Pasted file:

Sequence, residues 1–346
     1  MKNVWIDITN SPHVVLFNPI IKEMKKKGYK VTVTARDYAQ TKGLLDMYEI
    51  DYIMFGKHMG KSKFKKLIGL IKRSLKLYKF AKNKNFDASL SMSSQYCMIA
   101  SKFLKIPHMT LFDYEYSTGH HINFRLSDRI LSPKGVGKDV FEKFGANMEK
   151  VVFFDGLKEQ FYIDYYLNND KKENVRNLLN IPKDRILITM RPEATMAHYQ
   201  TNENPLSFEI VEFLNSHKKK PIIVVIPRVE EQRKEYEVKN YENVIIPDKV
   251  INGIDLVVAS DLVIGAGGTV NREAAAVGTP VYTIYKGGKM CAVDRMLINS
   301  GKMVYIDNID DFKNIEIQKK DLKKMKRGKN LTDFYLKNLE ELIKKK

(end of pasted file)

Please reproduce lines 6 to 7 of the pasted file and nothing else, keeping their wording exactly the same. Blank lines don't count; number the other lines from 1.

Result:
   201  TNENPLSFEI VEFLNSHKKK PIIVVIPRVE EQRKEYEVKN YENVIIPDKV
   251  INGIDLVVAS DLVIGAGGTV NREAAAVGTP VYTIYKGGKM CAVDRMLINS